Based on the value of the position and the unrealized loss, we can estimate Berkshire's cost basis: $169.65 (which is consistent with the "roughly $170" estimate Buffett gave on Aug. 10, when a CNBC host asked him for that figure).
The volume-weighted average price (VWAP) of IBM in the third quarter was $154.65, according to data from Bloomberg. On Tuesday, the shares closed 8.6% below the VWAP, at $9.36.
2. Citigroup: New position (3.2%); Bank of America: Reduced position (to 14.7%, from 26.1% at the end of the second quarter)
The combination of these two actions suggests that Berkowitz wanted to swap some of his exposure to Bank of America for exposure to Citigroup. That's a bit surprising, given how he has qualified the opportunity in B of A's stock in the recent past -- and we know he's not afraid to carry very concentrated positions.
On a conference call at the beginning of February, Berkowitz told his investors:
From the beginning, I've believed that a 10% return on equity that is distributable to owners by dividends or buybacks would very clearly show the power of Bank of America's franchises. This is a very possible outcome. In fact, Wells Fargo achieves a much greater return at 15% return on equity. And I believe that as Bank of America moves toward Wells Fargo, we shall see those types of returns.
[...] Everyone's worried about where interest rates are how the banks are going to perform at current interest rates, and then with rising interest rates. It's quite possible -- and it's quite probable -- that Bank of America will do well in this interest rate environment.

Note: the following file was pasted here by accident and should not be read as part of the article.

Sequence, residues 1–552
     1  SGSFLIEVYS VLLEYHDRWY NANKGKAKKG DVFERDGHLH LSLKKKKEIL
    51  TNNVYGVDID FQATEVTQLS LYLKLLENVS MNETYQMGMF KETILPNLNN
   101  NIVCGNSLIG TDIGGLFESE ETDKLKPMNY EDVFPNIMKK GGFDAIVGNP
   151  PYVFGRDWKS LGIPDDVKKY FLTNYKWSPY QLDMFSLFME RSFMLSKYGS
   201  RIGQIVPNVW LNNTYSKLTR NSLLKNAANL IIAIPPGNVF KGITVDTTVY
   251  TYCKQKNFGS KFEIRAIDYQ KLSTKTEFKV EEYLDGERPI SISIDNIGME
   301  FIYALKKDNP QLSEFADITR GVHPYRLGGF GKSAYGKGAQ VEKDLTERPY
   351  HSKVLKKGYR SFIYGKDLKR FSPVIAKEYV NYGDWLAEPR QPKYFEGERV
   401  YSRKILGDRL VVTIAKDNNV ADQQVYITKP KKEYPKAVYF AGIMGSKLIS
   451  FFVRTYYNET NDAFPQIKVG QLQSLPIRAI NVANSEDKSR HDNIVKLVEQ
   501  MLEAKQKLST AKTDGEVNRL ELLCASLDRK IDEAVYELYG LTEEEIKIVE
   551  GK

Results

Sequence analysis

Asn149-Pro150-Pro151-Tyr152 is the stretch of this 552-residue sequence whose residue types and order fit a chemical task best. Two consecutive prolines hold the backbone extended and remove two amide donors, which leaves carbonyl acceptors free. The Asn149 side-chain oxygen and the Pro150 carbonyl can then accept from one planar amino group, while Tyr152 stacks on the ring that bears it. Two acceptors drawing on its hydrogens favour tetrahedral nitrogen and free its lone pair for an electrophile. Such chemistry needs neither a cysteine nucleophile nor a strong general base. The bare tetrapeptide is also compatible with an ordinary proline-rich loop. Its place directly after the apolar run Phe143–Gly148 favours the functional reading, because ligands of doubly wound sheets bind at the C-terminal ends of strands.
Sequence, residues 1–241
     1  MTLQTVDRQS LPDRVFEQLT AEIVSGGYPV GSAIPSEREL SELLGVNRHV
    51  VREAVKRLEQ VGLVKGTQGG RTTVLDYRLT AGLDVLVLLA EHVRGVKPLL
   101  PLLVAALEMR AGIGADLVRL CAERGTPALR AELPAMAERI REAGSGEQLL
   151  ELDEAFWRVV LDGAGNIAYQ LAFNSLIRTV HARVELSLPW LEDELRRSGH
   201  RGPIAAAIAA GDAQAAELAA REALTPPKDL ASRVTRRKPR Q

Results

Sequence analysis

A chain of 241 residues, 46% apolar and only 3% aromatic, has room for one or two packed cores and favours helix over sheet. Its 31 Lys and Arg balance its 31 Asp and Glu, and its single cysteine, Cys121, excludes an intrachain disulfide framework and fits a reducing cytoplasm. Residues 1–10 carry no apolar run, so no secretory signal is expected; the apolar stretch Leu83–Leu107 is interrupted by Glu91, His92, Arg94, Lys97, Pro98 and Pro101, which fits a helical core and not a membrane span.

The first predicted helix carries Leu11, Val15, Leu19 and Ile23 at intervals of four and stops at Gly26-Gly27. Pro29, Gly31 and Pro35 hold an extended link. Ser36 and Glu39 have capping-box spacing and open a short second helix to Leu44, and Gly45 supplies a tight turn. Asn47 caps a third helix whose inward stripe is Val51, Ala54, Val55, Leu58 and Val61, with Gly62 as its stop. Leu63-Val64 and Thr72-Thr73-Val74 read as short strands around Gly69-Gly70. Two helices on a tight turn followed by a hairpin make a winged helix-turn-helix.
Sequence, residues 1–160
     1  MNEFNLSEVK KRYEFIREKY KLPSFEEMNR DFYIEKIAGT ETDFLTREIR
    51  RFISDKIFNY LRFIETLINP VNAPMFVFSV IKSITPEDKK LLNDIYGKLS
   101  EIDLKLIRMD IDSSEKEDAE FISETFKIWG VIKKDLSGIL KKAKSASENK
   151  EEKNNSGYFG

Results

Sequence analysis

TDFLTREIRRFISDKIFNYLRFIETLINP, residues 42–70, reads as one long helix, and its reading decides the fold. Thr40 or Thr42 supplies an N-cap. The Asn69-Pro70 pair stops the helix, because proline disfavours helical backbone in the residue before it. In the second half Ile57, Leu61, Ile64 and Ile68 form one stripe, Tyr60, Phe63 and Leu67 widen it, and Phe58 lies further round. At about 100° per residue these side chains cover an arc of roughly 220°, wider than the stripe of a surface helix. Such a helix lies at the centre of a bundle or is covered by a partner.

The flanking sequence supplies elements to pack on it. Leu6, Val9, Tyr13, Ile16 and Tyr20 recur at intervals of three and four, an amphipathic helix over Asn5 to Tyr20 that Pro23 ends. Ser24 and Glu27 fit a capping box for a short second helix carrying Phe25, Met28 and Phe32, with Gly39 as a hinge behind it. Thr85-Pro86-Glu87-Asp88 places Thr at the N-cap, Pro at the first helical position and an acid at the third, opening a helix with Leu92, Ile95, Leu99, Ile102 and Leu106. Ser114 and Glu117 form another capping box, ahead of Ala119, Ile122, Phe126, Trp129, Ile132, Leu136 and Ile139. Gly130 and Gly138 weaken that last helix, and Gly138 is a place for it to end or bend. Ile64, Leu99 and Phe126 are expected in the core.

[...] Bank of America is able to achieve a reasonable return in the current structure. But higher rates will allow much higher returns on equity, and I think that will be a big boost to the financial sector over a two- to three-year period when we start to see rates increasing.
(If you'd like to review Berkowitz's detailed pitch on B of A, you'll find an entire 28-page presentation by Fairholme here.)
The next day, in an interview on Bloomberg Television, Berkowitz was more explicit in terms of the returns that Bank of America shareholders might expect [emphasis mine]:
The thesis that we have on these financials [AIG and B of A], whose prices were so decimated in 2011, is that we were able to buy them at half their liquidation value and that, as they recover, they're going to make money. A more normal environment's going to come back and they will earn a nice, reasonable profit.